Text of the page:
Wednesday, July 30, 2014

Monitoring Roadside Pollution with Sensors on Bikes

Cyclists will monitor air pollution in Hamilton (CBC News, Mar. 13, 2014)

Also discussed here: Bicycle Air Monitoring Program - Pittsburg (GASP)

Today we review two citizen initiatives in Hamilton and Pittsburg to monitor air pollution levels along roads and bike paths used by cyclists in these cities. The program that began first in Pittsburg with the Group Against Air Pollution and Smog, collects and displays the Particulate Matter on maps of the urban core in real-time. The Bicycling Air Monitoring program in Hamilton just began on June 26 with over 60 cyclists volunteering to use the 20 GPS and air monitors which were funded with only $25 K from contributions from volunteers and a local city Councillor. These data fill gaps in the map of air pollution measured by much more expensive provincial air quality monitors (over $250K each) or by using a specialized mobile van dedicated to roadside monitoring.

pittsburg pollution 

Key Quotes:

Environment Hamilton officially launched its Bicycling Air Monitoring program (BAM!) Thursday at city hall, announcing plans to use volunteers from the local cycling community rig their bikes with air quality monitors and a GPS unit.”

“Environment Hamilton already has about 60 volunteers from Flamborough to Stoney Creek who are set to cut loose across the city using one of the 14 units to gather information. Two of the GPS units also have a video camera to provide a visual of what may be contributing to air quality, such as a construction or bumper-to-bumper traffic.”

“Environment Hamilton purchased the models after receiving close to $25,000 in funding…Councillor Chad Collins helped facilitate $10,000 through a fund provided to his ward for special projects, while Clean Air Hamilton pitched in the other $15,000”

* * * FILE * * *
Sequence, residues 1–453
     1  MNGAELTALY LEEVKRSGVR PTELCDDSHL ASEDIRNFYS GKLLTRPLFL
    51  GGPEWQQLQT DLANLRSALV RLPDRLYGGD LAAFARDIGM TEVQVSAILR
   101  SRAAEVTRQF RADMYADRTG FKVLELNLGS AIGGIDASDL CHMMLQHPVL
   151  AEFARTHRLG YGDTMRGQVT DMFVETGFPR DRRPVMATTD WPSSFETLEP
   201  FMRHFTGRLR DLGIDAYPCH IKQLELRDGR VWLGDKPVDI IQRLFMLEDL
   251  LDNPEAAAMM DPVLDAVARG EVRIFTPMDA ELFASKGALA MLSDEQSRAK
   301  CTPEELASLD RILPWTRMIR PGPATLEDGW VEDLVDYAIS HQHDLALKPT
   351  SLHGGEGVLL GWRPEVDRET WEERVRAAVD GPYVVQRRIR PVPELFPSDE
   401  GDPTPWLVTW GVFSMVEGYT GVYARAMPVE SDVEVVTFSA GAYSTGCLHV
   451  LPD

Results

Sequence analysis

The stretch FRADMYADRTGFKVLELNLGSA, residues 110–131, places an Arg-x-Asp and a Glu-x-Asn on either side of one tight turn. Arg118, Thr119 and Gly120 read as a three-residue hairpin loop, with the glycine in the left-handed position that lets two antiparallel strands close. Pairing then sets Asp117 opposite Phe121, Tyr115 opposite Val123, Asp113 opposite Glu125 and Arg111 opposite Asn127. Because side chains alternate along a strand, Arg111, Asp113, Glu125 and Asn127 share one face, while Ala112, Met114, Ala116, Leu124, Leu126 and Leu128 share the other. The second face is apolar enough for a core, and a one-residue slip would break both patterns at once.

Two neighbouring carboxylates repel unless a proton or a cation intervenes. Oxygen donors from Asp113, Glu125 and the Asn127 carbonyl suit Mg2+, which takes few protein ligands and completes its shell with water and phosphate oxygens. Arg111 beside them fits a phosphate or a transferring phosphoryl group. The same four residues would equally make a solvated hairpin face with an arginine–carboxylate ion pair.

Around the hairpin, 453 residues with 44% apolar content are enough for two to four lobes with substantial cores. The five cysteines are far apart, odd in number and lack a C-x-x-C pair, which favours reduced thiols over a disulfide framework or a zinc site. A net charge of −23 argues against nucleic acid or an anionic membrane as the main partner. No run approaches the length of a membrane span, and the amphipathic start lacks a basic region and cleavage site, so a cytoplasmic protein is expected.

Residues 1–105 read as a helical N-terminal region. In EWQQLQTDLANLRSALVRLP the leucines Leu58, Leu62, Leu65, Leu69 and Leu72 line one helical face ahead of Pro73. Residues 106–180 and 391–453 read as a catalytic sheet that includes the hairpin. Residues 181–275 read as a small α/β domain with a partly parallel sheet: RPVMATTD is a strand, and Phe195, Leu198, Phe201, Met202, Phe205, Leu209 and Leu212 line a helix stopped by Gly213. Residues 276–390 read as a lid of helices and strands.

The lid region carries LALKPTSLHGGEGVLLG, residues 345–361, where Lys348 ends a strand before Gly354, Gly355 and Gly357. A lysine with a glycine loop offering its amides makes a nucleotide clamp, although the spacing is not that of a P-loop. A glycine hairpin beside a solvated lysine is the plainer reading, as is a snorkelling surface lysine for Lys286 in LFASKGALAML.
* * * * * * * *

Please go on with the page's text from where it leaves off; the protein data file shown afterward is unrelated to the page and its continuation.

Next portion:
"For me, for my constituents, air quality concerns are at the forefront of environmental issues in my ward. I have people who live adjacent to industry and I also have a number of residents along major transportation corridors."

“It's a quick visual way for a cyclist to assess which are the routes in the city that I want to choose if I'm worried about respiratory health and which are the ones that I should be avoiding”

Bicycles can travel on bike paths and trails and so on… [the data] will be useful for filling in gaps where we aren’t able to go.”

“[Pittsburg] the purpose of this program is to study the objective data gathered by citizens equipped with a laser particle counter and GPS system. The goal of this project is to convey its findings (large and small particulate counts over time and space) as an easily-interpretable map. Large particulates are known as PM10, and small particulates as PM2.5, with the former able to stay in the air for minutes to hours, while the latter can remain in the air for hours to weeks, and travel very long distances. Due to the constantly-changing nature of the air, the more data we collect over routes over time, the more accurate will be the representation of our city. This will promote understanding of any major problems, and suggest ways to enact change.”

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